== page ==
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When should I seek therapy for my child?

As a parent, you are your child’s biggest support. You are the one who understands your child’s wants, needs, fears, and talents. There may be moments in life when, as a parent, you feel as like you no longer have all of the answers to your child’s challenges, and need to seek extra support from a therapist.

Everyone’s experience is different, and there are a variety of reasons to consider therapy for your child. Some of them are as follows:

  • Your child has shown a sudden behavioral change

  • Your child seems scared, sad or hopeless more than usual

  • Your child has many fears, seems anxious or worried

  • Your child is often withdrawn or does not want to interact with family or friends

  • Your child is often defiant, disruptive, or aggressive to others

  • Your child has difficulty concentrating, is overly active, or impulsive

  • Your child is having issues with teachers, peers, or academics in school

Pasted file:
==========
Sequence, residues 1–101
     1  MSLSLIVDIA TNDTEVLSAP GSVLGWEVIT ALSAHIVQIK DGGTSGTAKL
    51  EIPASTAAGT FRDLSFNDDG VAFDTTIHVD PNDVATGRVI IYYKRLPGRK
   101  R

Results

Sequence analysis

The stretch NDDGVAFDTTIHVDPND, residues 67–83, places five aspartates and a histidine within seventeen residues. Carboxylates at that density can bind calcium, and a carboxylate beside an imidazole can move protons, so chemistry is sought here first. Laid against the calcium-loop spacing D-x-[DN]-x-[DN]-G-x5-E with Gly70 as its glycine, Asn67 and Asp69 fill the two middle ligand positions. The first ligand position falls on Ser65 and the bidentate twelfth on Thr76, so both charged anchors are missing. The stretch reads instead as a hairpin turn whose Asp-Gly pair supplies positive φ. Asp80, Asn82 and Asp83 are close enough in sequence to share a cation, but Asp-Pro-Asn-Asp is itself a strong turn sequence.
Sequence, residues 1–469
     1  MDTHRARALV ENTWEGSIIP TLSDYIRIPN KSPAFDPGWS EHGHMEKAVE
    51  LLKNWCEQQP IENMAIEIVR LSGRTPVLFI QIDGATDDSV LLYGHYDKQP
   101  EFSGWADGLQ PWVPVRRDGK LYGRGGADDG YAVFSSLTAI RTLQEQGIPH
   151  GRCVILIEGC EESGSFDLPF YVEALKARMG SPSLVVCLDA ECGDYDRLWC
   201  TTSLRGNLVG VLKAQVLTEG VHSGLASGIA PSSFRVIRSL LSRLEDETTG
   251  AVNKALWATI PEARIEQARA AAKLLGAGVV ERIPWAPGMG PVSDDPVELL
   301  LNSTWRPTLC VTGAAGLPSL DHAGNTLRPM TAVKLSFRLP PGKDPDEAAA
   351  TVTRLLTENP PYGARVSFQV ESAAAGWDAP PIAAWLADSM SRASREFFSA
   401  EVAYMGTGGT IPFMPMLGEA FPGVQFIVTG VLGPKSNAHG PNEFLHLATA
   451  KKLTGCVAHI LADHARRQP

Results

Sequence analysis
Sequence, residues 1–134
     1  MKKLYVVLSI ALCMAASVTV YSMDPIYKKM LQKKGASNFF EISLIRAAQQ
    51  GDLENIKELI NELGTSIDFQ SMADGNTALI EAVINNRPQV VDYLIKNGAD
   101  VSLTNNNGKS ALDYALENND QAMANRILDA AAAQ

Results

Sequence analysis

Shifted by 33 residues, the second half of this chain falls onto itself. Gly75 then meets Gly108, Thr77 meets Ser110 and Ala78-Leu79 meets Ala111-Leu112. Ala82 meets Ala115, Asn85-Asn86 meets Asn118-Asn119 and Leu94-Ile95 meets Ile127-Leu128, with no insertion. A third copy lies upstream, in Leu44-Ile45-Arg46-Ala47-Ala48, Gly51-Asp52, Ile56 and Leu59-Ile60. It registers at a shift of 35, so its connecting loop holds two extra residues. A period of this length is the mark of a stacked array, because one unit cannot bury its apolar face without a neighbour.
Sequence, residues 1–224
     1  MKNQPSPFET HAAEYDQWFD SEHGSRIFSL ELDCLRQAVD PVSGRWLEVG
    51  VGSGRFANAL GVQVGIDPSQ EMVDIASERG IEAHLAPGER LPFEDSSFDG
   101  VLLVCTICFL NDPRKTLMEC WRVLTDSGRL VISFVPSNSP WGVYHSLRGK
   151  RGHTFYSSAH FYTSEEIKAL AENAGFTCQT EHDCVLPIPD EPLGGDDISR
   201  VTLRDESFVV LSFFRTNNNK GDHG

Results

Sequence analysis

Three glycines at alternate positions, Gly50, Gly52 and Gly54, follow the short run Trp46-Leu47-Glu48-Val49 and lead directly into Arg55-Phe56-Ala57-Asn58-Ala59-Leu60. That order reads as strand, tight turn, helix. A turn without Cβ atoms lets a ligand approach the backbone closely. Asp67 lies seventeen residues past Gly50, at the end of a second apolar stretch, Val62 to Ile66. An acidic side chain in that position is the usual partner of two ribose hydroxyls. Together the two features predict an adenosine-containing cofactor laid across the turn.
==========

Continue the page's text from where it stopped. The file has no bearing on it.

• Your child has been bullied by peers

  • Your child is often clingy, has difficulty separating from you, and/or going to school

  • Your child is having frequent nightmares, bedwetting, or difficulty sleeping in their own bed 

  • Your child has frequent tantrums, seems angry, or irritable

  • Your child has experienced a significant loss or change in the family structure

  • Your child has experienced a traumatic event

  • Your child is having a hard time adjusting to a life transition

  • Your child has regressed or is having difficulties in their daily functioning and habits (sleeping, eating, toilet training)

  • Your child is engaging in self-harm, or is having thoughts about death or dying

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